With approximately 3000 known species of cichlids to work with, one can spend an entire lifetime exploring the various behaviors and breeding strategies of these fishes. Having some time on my hands over the holidays, I did a quick count of the cichlids that I have successfully bred and the number approaches the 300 mark. But I’ve been breeding fishes since I was six years old. That’s 61 years of fish keeping, which breaks down to a little less than five species per year. If you read my series, ‘Adventures in Cichlidom’, you may remember that as a kid, my classmates nearly all had aquariums and we were very competitive in breeding different species. That carried forward into adulthood. Of course, having something like Water World does help in this accomplishment. Like I said, it’s all relative.

Think about it. With 3000 species of cichlids, one can spend a lifetime and not keep and breed 90% of them. Why in the world, with all of this variety, all of these various shapes and sizes, different behaviors and a full spectrum of colors would anyone want to keep or create hybrids? I just don’t get it. Now, these are my personal thoughts and not necessarily those of the ACA but the ACA does encourage keeping wild populations of fishes in their original form. The conservation of these species is of utmost importance.

Granted, a Dragon Blood Peacock is a very pretty fish but does it really rival a full grown Aulonocara jacobfriebergi “Lwanda”? Does there really need to be a Dragon Blood? Only you can answer that for yourself.


What does the ACA do with the money that it collects? Well, for many years we, through the Jordan and Loiselle Funds, have been funding research and conservation projects. Such as the project carried out jointly with the London Zoo that maintains captive-bred stock of Madagascar’s endemic cichlids in a facility located in Madagascar. Last year, we funded the Costa Rican Stream Study that is working with the genus Cribroheros in, you guessed it, Costa Rica.  We, the ACA, have funded numerous projects like this throughout the years. Not too long ago, I told you about the ‘Wild Caught’ video that we helped to fund. The ACA is about research, conservation and education. So, not only do your dues bring you Buntbarsche Bulletin, the ACA News and a bunch of other services, they help to fund programs such as these. All lofty accomplishments.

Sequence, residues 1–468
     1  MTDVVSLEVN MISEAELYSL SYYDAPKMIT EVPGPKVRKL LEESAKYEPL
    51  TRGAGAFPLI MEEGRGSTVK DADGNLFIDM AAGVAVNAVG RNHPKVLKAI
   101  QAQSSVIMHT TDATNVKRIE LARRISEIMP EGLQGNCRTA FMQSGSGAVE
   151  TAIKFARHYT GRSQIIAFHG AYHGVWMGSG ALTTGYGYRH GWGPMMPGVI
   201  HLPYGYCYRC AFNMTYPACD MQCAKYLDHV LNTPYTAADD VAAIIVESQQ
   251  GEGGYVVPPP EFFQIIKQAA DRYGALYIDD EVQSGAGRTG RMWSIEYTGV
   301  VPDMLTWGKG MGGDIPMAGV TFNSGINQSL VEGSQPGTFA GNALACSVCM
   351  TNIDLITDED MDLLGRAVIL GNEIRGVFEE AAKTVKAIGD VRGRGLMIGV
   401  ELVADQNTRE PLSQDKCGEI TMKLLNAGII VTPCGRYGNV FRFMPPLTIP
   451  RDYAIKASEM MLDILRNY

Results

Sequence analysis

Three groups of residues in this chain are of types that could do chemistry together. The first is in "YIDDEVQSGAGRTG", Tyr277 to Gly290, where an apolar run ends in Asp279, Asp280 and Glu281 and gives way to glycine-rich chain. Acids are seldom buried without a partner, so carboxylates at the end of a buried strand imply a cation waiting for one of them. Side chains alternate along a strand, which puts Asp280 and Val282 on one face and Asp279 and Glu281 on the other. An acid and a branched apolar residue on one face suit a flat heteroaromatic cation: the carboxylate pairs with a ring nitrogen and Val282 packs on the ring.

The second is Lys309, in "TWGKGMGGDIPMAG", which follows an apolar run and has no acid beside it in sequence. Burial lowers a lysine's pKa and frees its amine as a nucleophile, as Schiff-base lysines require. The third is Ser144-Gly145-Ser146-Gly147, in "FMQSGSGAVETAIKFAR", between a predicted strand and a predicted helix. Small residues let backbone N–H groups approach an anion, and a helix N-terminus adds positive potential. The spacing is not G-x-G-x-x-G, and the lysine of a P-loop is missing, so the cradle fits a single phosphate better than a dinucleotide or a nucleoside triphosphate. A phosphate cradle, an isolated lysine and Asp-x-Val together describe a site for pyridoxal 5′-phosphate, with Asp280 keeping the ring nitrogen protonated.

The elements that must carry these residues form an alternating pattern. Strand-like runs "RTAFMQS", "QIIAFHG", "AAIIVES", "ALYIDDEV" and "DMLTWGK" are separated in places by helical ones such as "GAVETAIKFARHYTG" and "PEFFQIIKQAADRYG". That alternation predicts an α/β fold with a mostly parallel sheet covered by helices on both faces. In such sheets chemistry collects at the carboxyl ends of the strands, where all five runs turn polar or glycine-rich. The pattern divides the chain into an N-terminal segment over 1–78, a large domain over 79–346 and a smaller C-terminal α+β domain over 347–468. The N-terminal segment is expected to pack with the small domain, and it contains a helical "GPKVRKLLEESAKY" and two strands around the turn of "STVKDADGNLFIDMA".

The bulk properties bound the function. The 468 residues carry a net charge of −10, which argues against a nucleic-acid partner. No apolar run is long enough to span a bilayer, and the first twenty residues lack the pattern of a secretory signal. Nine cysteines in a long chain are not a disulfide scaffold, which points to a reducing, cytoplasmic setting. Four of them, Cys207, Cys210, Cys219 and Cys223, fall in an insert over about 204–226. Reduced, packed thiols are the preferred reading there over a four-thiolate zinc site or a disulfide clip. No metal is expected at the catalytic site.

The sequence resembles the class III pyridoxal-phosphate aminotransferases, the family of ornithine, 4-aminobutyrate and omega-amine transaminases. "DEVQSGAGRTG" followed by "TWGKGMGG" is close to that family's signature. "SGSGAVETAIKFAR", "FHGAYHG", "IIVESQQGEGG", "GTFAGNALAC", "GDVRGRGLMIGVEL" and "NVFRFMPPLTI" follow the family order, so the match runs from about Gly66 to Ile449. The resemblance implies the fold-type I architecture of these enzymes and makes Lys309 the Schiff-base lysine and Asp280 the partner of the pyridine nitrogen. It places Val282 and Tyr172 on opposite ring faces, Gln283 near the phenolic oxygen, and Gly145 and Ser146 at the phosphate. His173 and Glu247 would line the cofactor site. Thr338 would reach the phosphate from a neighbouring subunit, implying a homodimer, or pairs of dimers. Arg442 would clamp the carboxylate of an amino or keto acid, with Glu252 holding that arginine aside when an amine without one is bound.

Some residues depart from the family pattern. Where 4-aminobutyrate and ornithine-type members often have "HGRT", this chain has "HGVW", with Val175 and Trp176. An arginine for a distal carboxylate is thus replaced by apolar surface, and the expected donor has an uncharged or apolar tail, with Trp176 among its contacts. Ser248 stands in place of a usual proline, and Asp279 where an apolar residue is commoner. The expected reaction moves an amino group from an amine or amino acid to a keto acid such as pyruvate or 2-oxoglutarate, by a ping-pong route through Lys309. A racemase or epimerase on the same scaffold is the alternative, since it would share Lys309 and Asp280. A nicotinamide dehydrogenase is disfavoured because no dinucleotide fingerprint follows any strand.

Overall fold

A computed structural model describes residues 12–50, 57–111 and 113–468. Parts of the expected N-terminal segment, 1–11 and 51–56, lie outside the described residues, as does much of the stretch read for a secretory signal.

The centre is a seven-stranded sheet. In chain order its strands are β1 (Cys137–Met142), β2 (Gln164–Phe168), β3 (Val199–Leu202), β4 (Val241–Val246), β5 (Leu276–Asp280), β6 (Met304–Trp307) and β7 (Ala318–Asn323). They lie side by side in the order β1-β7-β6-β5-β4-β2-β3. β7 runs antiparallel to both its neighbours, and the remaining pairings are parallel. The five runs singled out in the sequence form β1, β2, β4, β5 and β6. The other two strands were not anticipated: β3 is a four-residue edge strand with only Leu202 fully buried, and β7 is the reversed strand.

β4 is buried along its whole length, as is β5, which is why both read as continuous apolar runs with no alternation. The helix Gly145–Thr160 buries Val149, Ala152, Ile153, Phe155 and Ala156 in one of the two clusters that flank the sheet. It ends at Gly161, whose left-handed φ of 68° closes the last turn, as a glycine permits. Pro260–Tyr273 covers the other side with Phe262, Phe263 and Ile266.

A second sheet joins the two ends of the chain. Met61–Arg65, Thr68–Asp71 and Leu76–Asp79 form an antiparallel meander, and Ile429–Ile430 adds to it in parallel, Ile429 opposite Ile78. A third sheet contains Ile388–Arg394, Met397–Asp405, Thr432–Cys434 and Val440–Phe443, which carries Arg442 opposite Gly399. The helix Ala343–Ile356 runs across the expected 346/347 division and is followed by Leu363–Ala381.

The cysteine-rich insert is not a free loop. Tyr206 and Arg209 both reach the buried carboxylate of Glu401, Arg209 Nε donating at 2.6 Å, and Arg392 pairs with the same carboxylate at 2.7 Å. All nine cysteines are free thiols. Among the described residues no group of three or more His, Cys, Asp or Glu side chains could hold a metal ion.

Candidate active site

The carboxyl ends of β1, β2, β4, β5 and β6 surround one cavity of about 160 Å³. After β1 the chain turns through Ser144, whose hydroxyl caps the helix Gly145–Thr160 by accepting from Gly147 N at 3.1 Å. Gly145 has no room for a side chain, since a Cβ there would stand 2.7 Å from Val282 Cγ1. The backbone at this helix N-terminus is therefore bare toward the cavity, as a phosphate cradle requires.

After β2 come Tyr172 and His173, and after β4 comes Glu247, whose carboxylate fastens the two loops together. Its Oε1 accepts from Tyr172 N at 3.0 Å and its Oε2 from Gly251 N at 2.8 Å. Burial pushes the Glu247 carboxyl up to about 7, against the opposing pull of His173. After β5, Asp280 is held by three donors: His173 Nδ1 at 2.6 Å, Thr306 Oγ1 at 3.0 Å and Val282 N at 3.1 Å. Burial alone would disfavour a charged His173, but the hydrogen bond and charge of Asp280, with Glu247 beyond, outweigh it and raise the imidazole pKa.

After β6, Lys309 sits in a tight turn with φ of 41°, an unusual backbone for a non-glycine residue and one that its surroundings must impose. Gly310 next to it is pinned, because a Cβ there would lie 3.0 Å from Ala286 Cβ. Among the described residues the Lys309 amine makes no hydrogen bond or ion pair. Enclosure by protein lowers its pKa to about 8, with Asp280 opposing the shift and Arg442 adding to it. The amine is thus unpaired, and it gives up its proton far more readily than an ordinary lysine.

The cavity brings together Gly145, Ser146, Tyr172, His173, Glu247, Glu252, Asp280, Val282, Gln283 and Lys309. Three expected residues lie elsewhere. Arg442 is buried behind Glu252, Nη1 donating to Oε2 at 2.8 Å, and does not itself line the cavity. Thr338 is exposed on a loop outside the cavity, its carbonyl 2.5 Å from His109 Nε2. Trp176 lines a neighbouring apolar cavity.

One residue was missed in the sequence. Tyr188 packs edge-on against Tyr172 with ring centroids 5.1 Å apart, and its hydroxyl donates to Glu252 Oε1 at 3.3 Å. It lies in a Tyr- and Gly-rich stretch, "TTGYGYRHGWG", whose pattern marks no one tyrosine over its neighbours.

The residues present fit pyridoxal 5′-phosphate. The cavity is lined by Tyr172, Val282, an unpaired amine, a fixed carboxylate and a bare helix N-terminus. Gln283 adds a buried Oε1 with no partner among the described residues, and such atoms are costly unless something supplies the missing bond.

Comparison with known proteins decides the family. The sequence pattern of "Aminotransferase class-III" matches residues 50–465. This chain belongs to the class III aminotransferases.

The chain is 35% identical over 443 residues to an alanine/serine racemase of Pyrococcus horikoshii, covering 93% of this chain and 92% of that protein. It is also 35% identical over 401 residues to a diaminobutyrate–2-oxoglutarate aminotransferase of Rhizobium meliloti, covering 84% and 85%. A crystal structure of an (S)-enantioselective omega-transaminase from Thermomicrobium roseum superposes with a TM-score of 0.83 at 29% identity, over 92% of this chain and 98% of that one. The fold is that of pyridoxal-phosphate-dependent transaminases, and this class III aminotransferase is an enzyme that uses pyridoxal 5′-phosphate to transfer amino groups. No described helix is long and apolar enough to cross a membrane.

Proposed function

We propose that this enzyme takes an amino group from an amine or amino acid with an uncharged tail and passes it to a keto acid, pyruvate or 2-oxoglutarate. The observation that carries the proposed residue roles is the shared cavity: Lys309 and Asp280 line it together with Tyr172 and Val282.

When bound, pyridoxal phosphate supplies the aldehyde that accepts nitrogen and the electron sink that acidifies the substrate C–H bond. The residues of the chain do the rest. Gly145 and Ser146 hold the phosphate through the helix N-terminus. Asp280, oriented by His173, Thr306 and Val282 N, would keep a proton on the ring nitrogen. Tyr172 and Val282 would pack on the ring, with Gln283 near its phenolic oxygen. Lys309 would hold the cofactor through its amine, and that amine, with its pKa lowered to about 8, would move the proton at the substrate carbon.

Hopefully, this year, a comprehensive listing of all the ACA accomplishments can be collected and published.


The ACA is also about really great conventions that everyone should attend to have the fishy time of their life. This year’s convention will be in Madison, WI – starring cichlids and catfish. What a great combo! Make sure that you are attending. It’s always a fun time.

Start the New Year off right. Get a new species or two, or 20, and explore the wonderfully wide world of cichlids. Variety is the Spice of Life. (Just don’t tell your spouse that one and blame me … I mean a variety of cichlids.) Then, after you gain experience with them and have success, send your articles, photos, drawings and other submissions to our BB Editor, Daryl Hutchins at: [email protected].

💥 ACA Member in the News!

Jan Benes MpY

Greater Cincinnati Aquarium Society has shown itself to be a very discerning organization in naming the indefatigable Jan Benes as their ‘GCAS Member of The Year’. But we could have told them that!

Have a healthy and prosperous New Year.